Cadillac romance and other shop tales

Cadillac romance and other shop tales

In my last installment we began discussing what to tell a customer who wants to know if his or her vehicle is worth fixing. This was prompted by an excellent email exchange that went on between me and some of my independent car repair shop owner friends. Here’s a summary of that lively exchange: “How should I respond when a customer asks whether the vehicle is worth investing the money for repairs?” We began by agreeing that no technician can answer that question for a customer. It’s our job just to provide them with a thorough inspection, all the facts, and let them decide. The vehicle inspection sheet should include what looks great and what may be needed in a year or two, or in the next 20,000 miles. It’s especially important not to insult a customer who is driving something we would consider nearly worn out, as it may seem like a part of their family! Start by researching the current value of the vehicle on a website like kbb.com or edmunds.com. Would the needed re ... read more

A shameless plug (Part II)

When assessing the need for an oil plug or pan repair, we often offer to show the customer the situation in the shop. One time the customer wanted to pop the plug loose himself as he cussed a little. We let him, and he got a big grin on his face as it popped loose. At that point he was OK with us moving forward with the repair. Some customers want to go back to the previous oil change shop and have them fix the damage. I can say that nearly every time we have fixed the problem by simply chasing the threads and using a new drain plug. I can think of about five times in 10 years where we needed to replace a sheet metal drain pan and this happens mostly on older Hondas. In one case with an expensive aluminum pan we removed the pan, welded the aluminum back up and redrilled and threaded a new hole. In another case we acquired a used oil pan from a salvage yard. Due to issues with keeping the hole centered, we don’t recommend trying to cut bigger threads in place. That techniq ... read more

Categories:

Oil Change

A shameless plug (Part I)

Our AAA regional representative recently engaged New Concept Auto Service and some other local shops in a conversation about policies regarding cross-threaded oil pan drain plugs. A cross-threaded drain plug is when the threads on the plug and pan are not aligned, causing a bad fit. It just gets worse as it is tightened. It seems like such a minuscule part to create such a firestorm of policy, but keep in mind one tiny leaking plug can drain a whole pan of oil and create need for a multi-thousand-dollar engine repair or replacement. There are several scenarios for assessing a damaged oil pan or drain plug threads, including the rare instance of a drain plug cross-thread. Other times the drain plug is over-tightened and has pulled or damaged the threads on the plug and requires a new plug. In this instance, if the pan threads are only slightly damaged they may only need to be chased or rethreaded. Sometimes the pan has to be replaced or over-drilled if possible. And sometimes the head ... read more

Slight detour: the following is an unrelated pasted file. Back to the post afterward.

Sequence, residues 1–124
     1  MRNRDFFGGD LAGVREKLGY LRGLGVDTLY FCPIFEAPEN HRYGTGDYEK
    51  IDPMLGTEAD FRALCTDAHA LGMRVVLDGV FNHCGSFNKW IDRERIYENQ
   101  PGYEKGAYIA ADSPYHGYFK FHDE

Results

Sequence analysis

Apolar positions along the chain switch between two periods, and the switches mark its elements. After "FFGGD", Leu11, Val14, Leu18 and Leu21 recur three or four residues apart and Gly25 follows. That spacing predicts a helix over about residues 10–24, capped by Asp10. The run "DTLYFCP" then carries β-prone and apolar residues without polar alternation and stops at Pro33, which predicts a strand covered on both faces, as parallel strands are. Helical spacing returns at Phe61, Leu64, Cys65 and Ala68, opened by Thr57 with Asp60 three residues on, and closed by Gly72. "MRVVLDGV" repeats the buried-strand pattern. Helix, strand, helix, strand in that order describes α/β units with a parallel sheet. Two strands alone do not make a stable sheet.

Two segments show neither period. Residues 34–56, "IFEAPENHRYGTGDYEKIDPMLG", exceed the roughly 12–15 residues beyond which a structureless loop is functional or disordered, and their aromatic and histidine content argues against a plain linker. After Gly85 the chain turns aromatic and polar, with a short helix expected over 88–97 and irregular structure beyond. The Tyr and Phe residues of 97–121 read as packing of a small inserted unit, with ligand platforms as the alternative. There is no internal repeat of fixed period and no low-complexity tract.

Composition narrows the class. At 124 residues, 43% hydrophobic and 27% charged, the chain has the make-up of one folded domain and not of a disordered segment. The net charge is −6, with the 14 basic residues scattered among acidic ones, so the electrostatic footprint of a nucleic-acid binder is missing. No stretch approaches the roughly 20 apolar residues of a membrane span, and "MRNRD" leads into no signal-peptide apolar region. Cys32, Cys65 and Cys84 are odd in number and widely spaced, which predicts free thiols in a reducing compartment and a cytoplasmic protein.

Lending you our ear

Lending you our ear

I love noises and cars, so I drive as many as I can. The brain and its ability to recall information is amazing. Once you hear the same type of car noise three or four times, it gets registered in a database deep inside your head. Pretty soon you begin to recognize a familiar noise from a car as it drives by on the street. Suddenly you will find yourself standing on a sidewalk, mumbling “lower ball joint.” A good noise technician uses a combination of logic, common sense and experience. As Overland Park’s “go-to source for auto repair,” our New Concept techs have all three! Logic comes into play when you have to diagnose the noise by process of elimination. Common sense is required when you begin to over think the noise. Experience comes from driving lots of different cars under different conditions. We also have a secret weapon–an electronic device called a Mechanics Ear that does an incredible job locating the source of various car noises. The device consists of a tr ... read more

Categories:

Noise Diagnosis

Terrific transmission tips (Part II)

Transmission fluid does wear out. New fluid has a pink color to it and the old fluid will appear brown and emit a slight burnt smell. The color and smell are from the normal wear of the many clutch discs located in the heart of a transmission. Heat is the worst thing for transmission fluid—even the relatively mild temperatures here in good old Overland Park, Kansas, can cause problems. Elevated temperatures cause the fluid to lose its ability to withstand pressure when and where needed inside the transmission. This is why you find additional external coolers on many trucks and SUVs. Transmissions are mostly all built with the same fundamental concepts, and automatic transmission fluid (ATF) is manufactured by fewer petroleum companies than one would think. ATF base stock is much the same—it is the additives that make the final difference. With that in mind, we recommend flushing an automatic transmission every 30,000 miles for best life and performance. Many transmis ... read more

Categories:

Transmissions